IP Security Filtering

One of the lesser-known features of Windows 2000's IP Security (IPSec) is packet filtering based on IP addresses and port filtering. With IPSec filtering, you wrap your servers or workstations with another layer of security that protects them against attackers who try to connect from elsewhere on your internal network or from the Internet. You can use this technology in many ways, but in this article I'll show you how to protect onsite workstations exposed to the Internet, laptops that employees use to dial into an ISP when traveling off site, and computers that employees use to telecommute.

Attackers are always scanning the Internet for unsecured PCs. What would happen if attackers found a way into your company's computers through an employee's offsite laptop? Although personal firewalls provide many benefits, not everyone has the option of installing that kind of software on their offsite computers. If your company can't deploy personal firewalls because of budget concerns or logistics, consider using IPSec filtering. I'll show you how to build a Win2K IPSec policy that blocks incoming access to a computer's file shares, which attackers frequently target. You can then extend this policy to block access to other ports that intruders frequently attack.

To get started, open Local Security Policy under Administrative Tools in Windows 2000 Server right-click IPSec Policies on Local Machine, and select Create IPSec Policy, which starts the IPSec Policy Wizard. Type in a descriptive name (e.g., Block Incoming Connections to File Sharing), as Figure 1 shows. Click Next four times, accepting the defaults, until you see the Rules tab, as Figure 2 shows.

At this point, you basically have a blank IPSec policy; you need to add a new rule. To display the Security Rule Wizard, click Add, and click Next on the first 2 pages until you get to the Security Rule Wizard page, where you see Network Type, as Figure 3 shows. You can choose whether this policy applies to packets on your internal LAN, remote access dial-up connections, or both. If you're only trying to protect this computer when it's connected to the Internet through a modem, you can select Remote access. However, if you want protection from malicious users on your internal LAN as well, select All network connections, and click Next twice (until you see the window with the IP Filter List, as Figure 4 shows).

Next, you need to create an IP filter list that describes the type of packets to which you want to apply this IPSec rule. As you can see, the two existing policies that Figure 4 shows are too broad for your needs, so click Add. Change the name of this filter list to Incoming file share access, as Figure 5 shows, and click Add. Work your way through the Filter Wizard, specifying Any IP Address as Source address, My IP Address as Destination address, TCP as the Protocol type, and 139 as the "Destination port." After finishing the IP filter list, you need to edit the new filter and clear the Mirrored check box, as Figure 6 shows. Add additional filters for TCP ports 445, 137 and138 (these are UDP ports), 139, and 445 to complete what you see in Figure 5. NetBIOS-based file sharing uses ports 137 and 139, and Common Internet File Sharing (CIFS) uses port 443. (To eliminate Win2K's dependence on NetBIOS, Win2K defaults to using CIFS for file-sharing sessions.) Click Close, as Figure 5 shows, to return to the IP Filter List, as Figure 4 shows. Select the new filter list you created, and click Next to go to the Filter Action page, as Figure 7 shows.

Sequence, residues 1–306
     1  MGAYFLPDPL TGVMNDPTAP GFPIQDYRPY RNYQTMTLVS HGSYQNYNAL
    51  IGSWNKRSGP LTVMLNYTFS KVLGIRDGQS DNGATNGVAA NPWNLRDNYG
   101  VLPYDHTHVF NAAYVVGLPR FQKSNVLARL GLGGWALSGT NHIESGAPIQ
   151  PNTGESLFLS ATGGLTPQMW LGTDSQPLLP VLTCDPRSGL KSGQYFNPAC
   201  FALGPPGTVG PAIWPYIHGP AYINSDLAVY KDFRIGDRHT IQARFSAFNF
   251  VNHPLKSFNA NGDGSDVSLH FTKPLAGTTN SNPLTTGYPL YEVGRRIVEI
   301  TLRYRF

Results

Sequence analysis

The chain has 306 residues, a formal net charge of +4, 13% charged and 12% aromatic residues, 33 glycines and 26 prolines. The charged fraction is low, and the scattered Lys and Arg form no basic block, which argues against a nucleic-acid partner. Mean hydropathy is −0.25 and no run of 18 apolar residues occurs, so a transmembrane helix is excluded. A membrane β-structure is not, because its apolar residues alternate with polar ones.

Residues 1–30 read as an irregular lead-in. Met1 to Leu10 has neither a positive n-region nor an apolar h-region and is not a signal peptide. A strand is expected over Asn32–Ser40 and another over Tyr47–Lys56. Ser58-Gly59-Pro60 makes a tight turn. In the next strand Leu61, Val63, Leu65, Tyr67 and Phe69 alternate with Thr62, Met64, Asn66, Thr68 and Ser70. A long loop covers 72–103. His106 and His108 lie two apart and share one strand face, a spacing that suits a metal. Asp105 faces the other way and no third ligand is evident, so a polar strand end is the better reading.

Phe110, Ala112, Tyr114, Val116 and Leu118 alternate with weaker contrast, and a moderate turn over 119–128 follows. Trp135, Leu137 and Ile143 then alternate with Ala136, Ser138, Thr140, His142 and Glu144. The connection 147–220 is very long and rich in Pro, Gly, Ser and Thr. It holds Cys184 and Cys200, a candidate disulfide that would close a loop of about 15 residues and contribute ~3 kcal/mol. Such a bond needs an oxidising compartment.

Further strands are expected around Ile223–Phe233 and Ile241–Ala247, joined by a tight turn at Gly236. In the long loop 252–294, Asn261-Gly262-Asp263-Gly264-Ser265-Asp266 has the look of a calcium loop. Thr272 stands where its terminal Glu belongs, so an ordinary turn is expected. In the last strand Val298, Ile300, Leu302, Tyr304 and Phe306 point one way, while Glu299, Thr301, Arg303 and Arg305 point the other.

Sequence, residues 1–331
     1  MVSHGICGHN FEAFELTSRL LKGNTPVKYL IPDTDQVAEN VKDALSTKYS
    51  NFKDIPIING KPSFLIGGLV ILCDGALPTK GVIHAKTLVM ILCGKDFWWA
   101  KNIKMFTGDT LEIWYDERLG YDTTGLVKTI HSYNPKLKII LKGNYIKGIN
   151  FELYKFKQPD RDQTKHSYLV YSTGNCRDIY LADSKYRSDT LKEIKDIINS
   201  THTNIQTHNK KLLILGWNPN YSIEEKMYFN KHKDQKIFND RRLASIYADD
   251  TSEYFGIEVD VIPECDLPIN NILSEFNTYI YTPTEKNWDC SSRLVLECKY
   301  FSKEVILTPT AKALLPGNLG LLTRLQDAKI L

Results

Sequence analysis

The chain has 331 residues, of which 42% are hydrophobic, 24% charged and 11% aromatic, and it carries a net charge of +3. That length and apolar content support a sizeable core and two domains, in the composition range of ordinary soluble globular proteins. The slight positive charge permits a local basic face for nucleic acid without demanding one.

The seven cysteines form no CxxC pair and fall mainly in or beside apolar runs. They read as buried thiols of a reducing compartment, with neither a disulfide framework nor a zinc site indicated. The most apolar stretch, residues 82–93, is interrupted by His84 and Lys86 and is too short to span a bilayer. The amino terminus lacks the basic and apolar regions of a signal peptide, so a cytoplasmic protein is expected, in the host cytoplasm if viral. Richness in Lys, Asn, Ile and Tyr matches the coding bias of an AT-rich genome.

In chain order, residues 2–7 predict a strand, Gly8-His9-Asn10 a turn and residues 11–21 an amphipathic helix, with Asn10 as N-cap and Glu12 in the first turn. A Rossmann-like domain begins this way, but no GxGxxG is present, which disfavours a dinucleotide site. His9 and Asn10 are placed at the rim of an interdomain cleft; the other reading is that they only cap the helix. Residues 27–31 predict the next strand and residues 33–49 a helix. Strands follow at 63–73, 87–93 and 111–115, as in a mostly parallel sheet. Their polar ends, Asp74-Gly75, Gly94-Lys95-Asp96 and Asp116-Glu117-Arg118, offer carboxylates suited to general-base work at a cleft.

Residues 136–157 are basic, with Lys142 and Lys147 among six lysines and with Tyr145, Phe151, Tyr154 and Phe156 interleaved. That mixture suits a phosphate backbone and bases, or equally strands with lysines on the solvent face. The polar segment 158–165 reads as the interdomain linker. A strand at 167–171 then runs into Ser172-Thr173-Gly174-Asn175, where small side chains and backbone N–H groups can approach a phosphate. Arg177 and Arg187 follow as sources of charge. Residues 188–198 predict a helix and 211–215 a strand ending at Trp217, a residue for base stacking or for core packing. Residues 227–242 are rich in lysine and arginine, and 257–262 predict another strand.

You now need to specify the action you want IPSec to take when your filter list catches a packet. As you can see, there's no blocking action listed under Filter Actions, so you'll need to create one. To open the Filter Action Wizard, click Add, and click Next on the first page. Type in a name (e.g., Block), and click Next. The wizard asks what action behavior you want to take, as Figure 8 shows. Select Block, click Next, and click Finish, which returns you to the Filter Action page, as Figure 7 shows. Select the new Block action, click Next, and click Finish, which returns you to your completed policy, as Figure 9 shows.

To test your policy, open a command prompt, and run secedit /refreshpolicy machine_policy. This command forces your computer to immediately apply Group Policy. Next, create a shared folder, Test, on your computer. From another computer on your network, attempt to map a drive to the Test folder on your computer. If you created the IPSec policy correctly, the mapping will fail.

This policy addresses only file sharing, but you can specify additional ports to block if you want to protect other services. If you're worried about being able to administer workstations remotely after deploying this policy, remember that IPSec is very flexible. You can create a combination of rules that lets you block all attempts to access the local services except for the computers that your administrators use.

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